Larry Ellison doesn’t do “cheap.” The Oracle chairman isn’t interested in selling the low-cost one- and two-socket servers that make up a huge slice of the server market but yield little profit for the companies that make them. Even if he did, that business is pretty much sewn up by Hewlett Packard Enterprise, Dell, and the “white box” makers from China and Taiwan.
But Ellison’s also a realist, and he knows customers are gradually turning away from his pricey Unix systems in favor of x86 boxes to build scale-out private and hybrid clouds. So to keep customers interested in Sparc, Ellison needs to come downmarket and provide more affordable options.
That’s the thinking behind a new Sparc processor Oracle launched Wednesday, along with a new family of servers that hit lower price points than Oracle has offered in the past. They’re not the cheapest of the cheap — prices start at around US$11,000 — but core for core, Oracle maintains they’re on par with x86 for cost.
“This gets us into commodity priced platforms,” said John Fowler, the executive in charge of Oracle’s systems business.
Kevin Krewell, an industry analyst at Tirias Research, sees the new systems as a defensive move to stem the flow of customers away from Sparc and Oracle’s Solaris OS. “They’re trying to hold on to existing customers,” he said.
That’s important for Oracle. Its hardware business generated $4.7 billion in revenue last fiscal year, down 32 percent from 2011, the first full year after Oracle bought Sun. That figure includes money from hardware support services; revenue from hardware alone plunged 44 percent over the same five-year period.
Part of that was by design. Oracle stopped selling many of Sun’s lower-end products and focused on “engineered” systems — high-performance products that yield bigger profits and help sell more of Oracle’s database and applications software.
But developing new microprocessors is a costly business, and ultimately, Oracle needs to maintain a sizable hardware business to make continued investments in Sparc worthwhile.
The new processor is called the S7, a less powerful version of Oracle’s high-end M7 chip launched in October. Oracle sketched out plans for the chip last year under the code name Sonoma, and it launched the first products on Wednesday at OpenWorld in Brazil.
The S7 is based on the same fourth-generation Sparc core as the M7, and it’s manufactured on the same 20-nanometer process. But there are eight cores per chip on the S7, compared with 32 on the M7.
Like the M7, the new chip has “software in silicon” features for accelerating database and security functions. But it also integrates memory and I/O interfaces that for the M7 are separate on the motherboard, helping to keep costs down. There’s just one version offered, at 4.27GHz.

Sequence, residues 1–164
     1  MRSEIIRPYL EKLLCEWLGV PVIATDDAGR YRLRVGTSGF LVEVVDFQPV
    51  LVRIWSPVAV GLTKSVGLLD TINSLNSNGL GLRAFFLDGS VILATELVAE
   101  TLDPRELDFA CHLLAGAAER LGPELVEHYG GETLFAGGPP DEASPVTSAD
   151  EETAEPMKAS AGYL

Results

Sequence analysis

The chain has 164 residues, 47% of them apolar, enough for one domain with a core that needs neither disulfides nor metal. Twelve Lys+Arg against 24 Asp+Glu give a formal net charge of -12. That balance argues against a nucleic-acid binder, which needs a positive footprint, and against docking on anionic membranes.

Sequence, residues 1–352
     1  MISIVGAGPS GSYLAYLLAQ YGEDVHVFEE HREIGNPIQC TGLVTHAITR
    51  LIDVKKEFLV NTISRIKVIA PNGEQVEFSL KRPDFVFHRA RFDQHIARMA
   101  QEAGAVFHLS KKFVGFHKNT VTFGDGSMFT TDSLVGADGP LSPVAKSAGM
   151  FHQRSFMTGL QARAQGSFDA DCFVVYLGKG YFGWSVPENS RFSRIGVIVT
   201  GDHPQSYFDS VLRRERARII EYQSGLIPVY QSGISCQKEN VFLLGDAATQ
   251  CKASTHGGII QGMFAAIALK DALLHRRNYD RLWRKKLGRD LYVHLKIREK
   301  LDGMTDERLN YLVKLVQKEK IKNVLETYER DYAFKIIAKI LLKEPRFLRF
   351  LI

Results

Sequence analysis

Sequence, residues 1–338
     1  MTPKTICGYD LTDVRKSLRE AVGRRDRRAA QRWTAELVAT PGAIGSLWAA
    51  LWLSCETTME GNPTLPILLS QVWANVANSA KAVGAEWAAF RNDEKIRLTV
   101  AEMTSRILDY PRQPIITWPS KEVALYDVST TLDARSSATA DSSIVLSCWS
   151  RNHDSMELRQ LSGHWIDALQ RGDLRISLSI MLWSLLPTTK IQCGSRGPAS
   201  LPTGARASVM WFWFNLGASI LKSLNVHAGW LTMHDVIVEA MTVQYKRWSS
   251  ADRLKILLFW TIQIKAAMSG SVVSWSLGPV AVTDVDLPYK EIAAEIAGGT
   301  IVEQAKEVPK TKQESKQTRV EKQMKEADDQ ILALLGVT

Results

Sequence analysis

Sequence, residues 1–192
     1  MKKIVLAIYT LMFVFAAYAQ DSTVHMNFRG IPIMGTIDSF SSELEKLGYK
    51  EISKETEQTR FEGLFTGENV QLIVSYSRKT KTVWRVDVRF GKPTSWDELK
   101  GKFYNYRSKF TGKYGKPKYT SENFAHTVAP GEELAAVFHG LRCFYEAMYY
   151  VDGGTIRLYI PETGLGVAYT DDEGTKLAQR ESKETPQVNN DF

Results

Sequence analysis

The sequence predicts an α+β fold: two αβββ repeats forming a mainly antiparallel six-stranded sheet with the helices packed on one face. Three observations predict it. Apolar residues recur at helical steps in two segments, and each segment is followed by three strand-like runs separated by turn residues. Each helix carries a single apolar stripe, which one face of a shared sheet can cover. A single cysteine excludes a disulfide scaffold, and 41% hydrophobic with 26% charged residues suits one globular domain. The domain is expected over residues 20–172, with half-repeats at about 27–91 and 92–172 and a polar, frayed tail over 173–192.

Oracle announced two standalone servers with the new chip, the S7-2 and S7-2L, as well as an engineered system, the MiniCluster S7-2, which is a smaller version of the Oracle SuperCluster.
The S7-2 is a 1 rack-unit server, designed for maximum density, sold with one or two processors. The S72L is a 2 rack-unit system, with two processors, that handles more storage configurations. Both can use a mix of SAS and NVMe storage.
The servers start just north of $11,000 with a single processor, 64GB of memory and two 600GB disk drives, and run to about $50,000 with two processors and a terabyte of memory.
While Oracle’s bigger Sparc systems run traditional ERP and CRM type applications, Fowler hopes the S7 servers will attract more modern Java, Hadoop and Spark workloads.
Oracle also launched a new Sparc-based infrastructure-as-a-service offering on Wednesday, which customers can use to back up the new systems.
Oracle didn’t provide pricing for the MiniCluster, but it is supposed to broaden the market for Oracle’s engineered systems, which combine compute, storage and networking in a preconfigured box with virtualization and management software.
Ellison has said he wants to compete better on price with EMC and Cisco in converged systems, and MiniCluster looks designed to do that.
A big difference from the SuperCluster is that much of the setup and administration is automated, so customers can get the security and high-availability features of the larger machine without needing as much Solaris expertise, according to Fowler.
“You don’t have to be a Solaris jockey to use this thing,” he said.
One oddity is that Oracle has said the S7 chip includes an on-chip InfiniBand controller, for high-speed clustering. But none of the new systems make use of that capability. They opt for Ethernet instead.
“In line with the design goal of simplicity for MiniCluster, we decided to stay simple by using SAS for storage and Ethernet for network connectivity,” Oracle said in a statement.
As for the standalone servers, use of InfiniBand in “DIY solutions” has been limited, Oracle said, and qualification of the various InfiniBand interfaces on the market is “very resource intensive.” Customers can use an add-in card for InfiniBand if they want to.
That seems like a curious situation, but it’s all we could get from Oracle for now.
Nathan Brookwood, industry analyst at Insight 64, said the S7 servers could appeal to customers who don’t need the power of an M7 system but are wary of porting applications to x86.
“The challenge for Oracle,” he said, “is can they expand their customer base.”